Executive Briefings

Turning a Good Job Into a Great Career

How do you go from good to great when pursuing a career in supply-chain management? James Masotti, continuous replenishment analyst with Campbell Soup, has some answers.

For years, supply-chain management was "a career of accident, not choice," says Masotti. In today's environment of intense competition, unpredictable demand and narrowing profit margins, manufacturers are viewing the discipline as a critical means of controlling costs and boosting efficiency. It is becoming an increasingly valuable skill set; schools are responding by offering more supply-chain programs geared toward the development of professionals in the field.

What makes a great supply-chain career depends largely on the individual. "There is no silver-bullet answer," says Masotti. However, there are a few general traits that are common to many professionals. They include the ability to work well in a multi-disciplinary environment, a willingness to travel or relocate, and flexibility with regard to the type of company and the tasks that make up a job.

Prospective supply-chain executives can find mentoring opportunities and other forms of support from industry organizations such as the Council of Supply Chain Management Professionals (CSCMP), notes Masotti. "They can give you a better idea of what the options are."

Masotti warns against several potential pitfalls. One is the tendency to get pigeonholed into a particular job or set of skills. Another is the possible gap between a candidate's expectations and reality. "Make sure you know what you're looking for," he advises, "and be open to opportunities."

His most important words of advice: "get involved." Those seeking to enter the field should become part of CSCMP, attend the annual conference, and take advantage of the opportunity to "learn through osmosis," he says.

To view video in its entirety, click here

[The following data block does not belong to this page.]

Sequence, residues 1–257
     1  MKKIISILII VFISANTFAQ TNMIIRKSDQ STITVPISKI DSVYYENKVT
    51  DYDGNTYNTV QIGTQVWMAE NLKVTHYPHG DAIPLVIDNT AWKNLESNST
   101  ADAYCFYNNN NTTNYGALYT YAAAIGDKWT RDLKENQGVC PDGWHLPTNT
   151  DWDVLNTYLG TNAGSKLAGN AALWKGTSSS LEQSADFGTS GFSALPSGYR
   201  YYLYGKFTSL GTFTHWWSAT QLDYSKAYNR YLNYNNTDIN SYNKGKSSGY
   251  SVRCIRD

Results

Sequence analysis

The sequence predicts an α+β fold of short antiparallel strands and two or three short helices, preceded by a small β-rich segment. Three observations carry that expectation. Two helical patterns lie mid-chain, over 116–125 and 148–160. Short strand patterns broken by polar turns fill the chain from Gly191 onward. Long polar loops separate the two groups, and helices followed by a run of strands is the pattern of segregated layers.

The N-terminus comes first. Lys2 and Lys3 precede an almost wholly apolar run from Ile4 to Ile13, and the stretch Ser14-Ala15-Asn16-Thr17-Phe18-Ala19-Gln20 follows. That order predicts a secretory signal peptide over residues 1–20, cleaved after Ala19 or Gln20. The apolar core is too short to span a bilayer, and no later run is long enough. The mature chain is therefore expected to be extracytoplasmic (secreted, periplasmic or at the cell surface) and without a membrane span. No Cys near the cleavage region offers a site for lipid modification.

Keywords: supply chain, supply chain management, supply chain jobs, supply chain careers

For years, supply-chain management was "a career of accident, not choice," says Masotti. In today's environment of intense competition, unpredictable demand and narrowing profit margins, manufacturers are viewing the discipline as a critical means of controlling costs and boosting efficiency. It is becoming an increasingly valuable skill set; schools are responding by offering more supply-chain programs geared toward the development of professionals in the field.

What makes a great supply-chain career depends largely on the individual. "There is no silver-bullet answer," says Masotti. However, there are a few general traits that are common to many professionals. They include the ability to work well in a multi-disciplinary environment, a willingness to travel or relocate, and flexibility with regard to the type of company and the tasks that make up a job.

Prospective supply-chain executives can find mentoring opportunities and other forms of support from industry organizations such as the Council of Supply Chain Management Professionals (CSCMP), notes Masotti. "They can give you a better idea of what the options are."

Masotti warns against several potential pitfalls. One is the tendency to get pigeonholed into a particular job or set of skills. Another is the possible gap between a candidate's expectations and reality. "Make sure you know what you're looking for," he advises, "and be open to opportunities."

His most important words of advice: "get involved." Those seeking to enter the field should become part of CSCMP, attend the annual conference, and take advantage of the opportunity to "learn through osmosis," he says.

To view video in its entirety, click here


Keywords: supply chain, supply chain management, supply chain jobs, supply chain careers